by Ben Jimenez 3 min read
people who actively conceal and carry a firearm wonder if it's necessary to carry a magazine holster. There is a lot of conflicting information online; some shooting and self-defense experts say you should carry the spare magazine holster, and others say it most likely will not be necessary. However, most people who conceal and carry like to err on the side of caution.
In the beginning, a magazine holster might feel quite different from your daily conceal and carry gun holster. However, you never know when a situation could require extra ammo, and it is better to be prepared in case of an emergency.
The first and most obvious reason to carry an extra magazine holster is in case you need more ammunition. In today’s world, you can never be sure when an active shooter may strike, and in a situation like that, you may have to empty your first magazine and transition to your spare.
In this regard, it is better to come prepared with a spare magazine than not have one at all, especially if you carry a pistol like a traditional Colt 1911 that only carries 7 + 1. You will definitely want to have a spare magazine, so you can eliminate any threat that may arise.
Also, you will be shooting under stress in a self-defense situation. It is important to consider that you may not be as accurate as you are on the range in a more controlled environment. You might have to shoot more rounds until you hit your target.
Pistols are like any other machine — they run the risk of malfunctioning. But if that malfunction occurs when you are in a life or death situation, the last thing you want is to be fumbling to clear a jam. Instead, you can quickly eject the magazine and reload your spare.
One of the most common malfunctions is a double feed, where two rounds try to feed into the chamber at the same time. This causes the slide of the pistol to lock back and renders your gun useless.
You can use the traditional lock on the magazine to try to clear the obstruction. But in an active shooter situation or an attack, you don’t have time to fix the malfunction. Instead, you could immediately drop the magazine, causing the jam to clear itself, then reload the spare magazine and re-engage the target.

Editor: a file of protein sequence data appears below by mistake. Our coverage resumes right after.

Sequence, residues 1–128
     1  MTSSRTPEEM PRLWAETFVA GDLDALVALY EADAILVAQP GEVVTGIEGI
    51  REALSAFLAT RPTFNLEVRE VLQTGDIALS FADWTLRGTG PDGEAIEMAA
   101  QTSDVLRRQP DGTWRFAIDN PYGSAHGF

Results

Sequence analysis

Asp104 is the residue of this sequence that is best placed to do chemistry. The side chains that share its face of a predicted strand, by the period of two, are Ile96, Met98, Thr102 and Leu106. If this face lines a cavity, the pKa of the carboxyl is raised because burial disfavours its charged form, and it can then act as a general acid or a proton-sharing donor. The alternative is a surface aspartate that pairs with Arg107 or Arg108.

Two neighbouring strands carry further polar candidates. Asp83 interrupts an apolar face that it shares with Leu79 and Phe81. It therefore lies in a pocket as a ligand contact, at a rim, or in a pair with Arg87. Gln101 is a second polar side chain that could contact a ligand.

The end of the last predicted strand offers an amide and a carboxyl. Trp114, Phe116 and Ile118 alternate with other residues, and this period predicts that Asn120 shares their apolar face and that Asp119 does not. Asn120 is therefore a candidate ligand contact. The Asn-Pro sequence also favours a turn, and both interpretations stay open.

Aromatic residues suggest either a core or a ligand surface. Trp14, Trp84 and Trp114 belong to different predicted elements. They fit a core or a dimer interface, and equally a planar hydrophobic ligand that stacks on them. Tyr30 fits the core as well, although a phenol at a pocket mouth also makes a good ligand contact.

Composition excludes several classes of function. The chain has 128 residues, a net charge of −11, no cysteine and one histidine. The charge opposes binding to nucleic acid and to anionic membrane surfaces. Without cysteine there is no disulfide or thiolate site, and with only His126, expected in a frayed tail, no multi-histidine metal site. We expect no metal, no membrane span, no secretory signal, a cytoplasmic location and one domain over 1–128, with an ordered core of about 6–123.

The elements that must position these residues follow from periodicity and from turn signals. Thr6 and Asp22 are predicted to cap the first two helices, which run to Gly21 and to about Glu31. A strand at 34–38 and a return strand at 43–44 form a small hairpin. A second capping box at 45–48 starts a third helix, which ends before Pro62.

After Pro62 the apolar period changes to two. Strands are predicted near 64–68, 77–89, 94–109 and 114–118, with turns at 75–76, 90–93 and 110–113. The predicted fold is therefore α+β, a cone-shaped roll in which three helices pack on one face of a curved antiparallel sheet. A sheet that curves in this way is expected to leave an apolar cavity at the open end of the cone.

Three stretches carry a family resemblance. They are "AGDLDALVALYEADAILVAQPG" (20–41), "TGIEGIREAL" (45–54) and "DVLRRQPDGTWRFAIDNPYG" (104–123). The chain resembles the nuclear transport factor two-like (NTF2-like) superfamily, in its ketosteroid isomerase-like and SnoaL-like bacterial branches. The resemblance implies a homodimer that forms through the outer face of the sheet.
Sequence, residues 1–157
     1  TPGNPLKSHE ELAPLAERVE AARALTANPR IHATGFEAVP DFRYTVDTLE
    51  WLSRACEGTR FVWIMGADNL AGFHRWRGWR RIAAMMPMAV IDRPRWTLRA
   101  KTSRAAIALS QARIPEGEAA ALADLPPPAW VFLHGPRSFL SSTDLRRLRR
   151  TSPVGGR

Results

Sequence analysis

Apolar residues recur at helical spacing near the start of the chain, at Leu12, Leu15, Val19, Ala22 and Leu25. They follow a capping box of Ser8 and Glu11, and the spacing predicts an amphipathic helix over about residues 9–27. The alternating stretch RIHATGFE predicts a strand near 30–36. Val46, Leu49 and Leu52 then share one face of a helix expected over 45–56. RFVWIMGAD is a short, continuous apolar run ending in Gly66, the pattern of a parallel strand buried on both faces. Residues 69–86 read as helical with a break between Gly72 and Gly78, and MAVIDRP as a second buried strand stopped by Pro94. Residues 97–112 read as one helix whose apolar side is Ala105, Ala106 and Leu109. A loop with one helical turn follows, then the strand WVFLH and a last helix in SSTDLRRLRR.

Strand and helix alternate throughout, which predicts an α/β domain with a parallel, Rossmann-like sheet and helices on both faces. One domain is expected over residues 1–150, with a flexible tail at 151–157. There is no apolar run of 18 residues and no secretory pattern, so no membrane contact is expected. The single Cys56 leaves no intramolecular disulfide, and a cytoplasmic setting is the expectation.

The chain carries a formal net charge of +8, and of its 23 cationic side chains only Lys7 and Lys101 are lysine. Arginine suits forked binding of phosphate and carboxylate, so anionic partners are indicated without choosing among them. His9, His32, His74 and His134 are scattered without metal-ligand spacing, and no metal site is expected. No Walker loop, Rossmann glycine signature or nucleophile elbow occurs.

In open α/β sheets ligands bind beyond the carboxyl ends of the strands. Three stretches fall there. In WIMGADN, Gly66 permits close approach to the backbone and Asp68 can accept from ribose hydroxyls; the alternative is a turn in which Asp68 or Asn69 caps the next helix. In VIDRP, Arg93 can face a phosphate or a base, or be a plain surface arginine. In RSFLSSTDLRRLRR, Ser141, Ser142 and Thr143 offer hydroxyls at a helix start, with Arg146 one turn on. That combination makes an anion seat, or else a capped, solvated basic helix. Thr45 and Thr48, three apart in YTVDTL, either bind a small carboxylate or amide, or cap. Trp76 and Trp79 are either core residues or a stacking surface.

No matter how much training you have, if the time ever arises when you have to pull your pistol from your inside-the-waistband holster, your adrenaline will be pumping. This can lead to human error. In high-stress situations, your fine motor skills decrease, and you run the risk of hitting the magazine release button.
While this may be uncommon, the risk is real, so it is better that you have a spare magazine than just one round in your chamber to defend yourself. The spare mag may be the difference between life and death.
Murphy’s law states that whatever can go wrong will go wrong. Any of the situations described here make the case for carrying a spare magazine. In an active shooter or self-defense situation, the last thing you want to do is be left without a choice. That is the reason you decided to carry in the first place — You want the chance to defend yourself from the unimaginable.
So choosing to conceal carry is great but having the option to reload offers the best protection. You never know when something as simple as a double feed could occur. You will be a better concealed carrier if you have the spare magazine.
The decision to conceal and carry — as well as whether to carry a spare magazine — is a personal choice. Some people may not find it unnecessary to carry the spare magazine. However, this means you are running the risk of not having any options should you expend all of your ammo.
Our magazine holsters are not heavy, making them fairly simple to conceal. So to err on the side of caution, it is always smart to carry a spare magazine to ensure your safety.
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